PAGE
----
This is far less than what the company requested — it had sought a 82.7 percent increase. But it will represent an increased bill of $48.60 per quarter for the average customer, according to the DEP.
The state would not approve the larger increase, according to a news release, in part because the commission had concerns about the management of the company.
Milford Water Co. serves 8,800 customers. It had requested a $3.8 million - or 82.7 percent - increase in its water revenues, the state reported, to cover the expenses of constructing a new water treatment plant. After a "prudency review" of Water Company expenses, the state disallowed $1.3 million in cost recovery, allowing only $2.4 million to be recovered through the increased rates.
The DPU's decision follows a 10-month investigation that included a public hearing in Milford and five days of evidentiary hearings in Boston.
“The Commission carefully reviews any rate increase before it is passed onto the customer, in this case the Milford Water Company needed to make upgrades to its system in order to keep providing clean water to customers,” said DPU Chair, Ann Berwick, in a statement. “We kept that increase to a minimum and further reduced the rate increase due to concerns we have about the management of the company.”
According to the DPU, investigators found a number of shortcomings in the Water Company's management and therefore reduced the private utility company's allowed "return on equity" to 9.2 percent, the lowest that the DPU has granted for a water utility in more than 30 years. The company had sought a return on investment of 11.5 percent.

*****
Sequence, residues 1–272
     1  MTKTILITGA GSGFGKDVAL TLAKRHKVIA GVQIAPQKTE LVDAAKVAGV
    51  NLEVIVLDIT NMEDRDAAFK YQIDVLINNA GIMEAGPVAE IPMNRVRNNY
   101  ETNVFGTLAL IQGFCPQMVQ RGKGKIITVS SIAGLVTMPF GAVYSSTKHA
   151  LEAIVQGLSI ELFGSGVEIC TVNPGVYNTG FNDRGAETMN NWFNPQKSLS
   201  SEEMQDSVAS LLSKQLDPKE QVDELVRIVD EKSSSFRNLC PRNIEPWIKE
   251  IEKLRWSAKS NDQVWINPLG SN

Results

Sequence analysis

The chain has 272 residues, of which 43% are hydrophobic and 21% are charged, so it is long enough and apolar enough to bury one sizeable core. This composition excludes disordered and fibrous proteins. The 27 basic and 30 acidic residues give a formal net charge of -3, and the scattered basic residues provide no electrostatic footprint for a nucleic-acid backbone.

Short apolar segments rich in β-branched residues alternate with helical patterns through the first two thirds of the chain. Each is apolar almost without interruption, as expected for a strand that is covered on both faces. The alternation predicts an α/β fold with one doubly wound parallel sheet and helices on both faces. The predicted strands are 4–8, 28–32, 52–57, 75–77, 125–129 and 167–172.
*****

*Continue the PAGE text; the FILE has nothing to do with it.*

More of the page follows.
David Condrey, the general manager of the Water Company, could not be reached Friday afternoon for comment. The water treatment plant started operations in June. It is located on Dilla Street, behind the administrative building for the utility.
The rate increase could take effect immediately, once the utility company submits a "compliance filing" with the state DPU, a spokeswoman said. The utility, if it chooses to, could appeal the ruling to the state Judicial Supreme Court.
In the ruling, according to the news release, one commissioner dissented on one point, saying that in addition to the reduction of the return on investment, some construction costs for the new water treatment plant that the company paid to RH White Construction and WhiteWater, affiliated companies, should not be passed on to customers.
The Milford Water Company awarded the construction contract to R.H. White, one of its affiliates, stating in a release that it had submitted the lowest bid.
In his dissent, Commissioner David Cash said the Water Company had not demonstrated it treated the two affiliates with an arms-length relationship.
"While we are convinced that the ultimate costs are reasonable, MWC's failure to abide by the affiliate transactions standard, in this case, is not harmless," he wrote. "MWC's failure to follow meaningful [Request For Proposal] processes when engaging the services of the R.H. White Companies further degrades the company's credibility and damages the already strained relationship with the town and MWC's ratepayers. The town and the company's ratepayers are left to question whether MWC has their best interests in mind, or whether the company is motivated to increase the profits of R.H. White Companies at ratepayer expense."
The order, signed by all three commissioners, emphasizes that the Water Company has significant work ahead to improve its relationship with the residents and community it serves, the release stated.
"These improvements include maintaining high-quality, safe drinking water, better communication with the community, and a more open procurement process."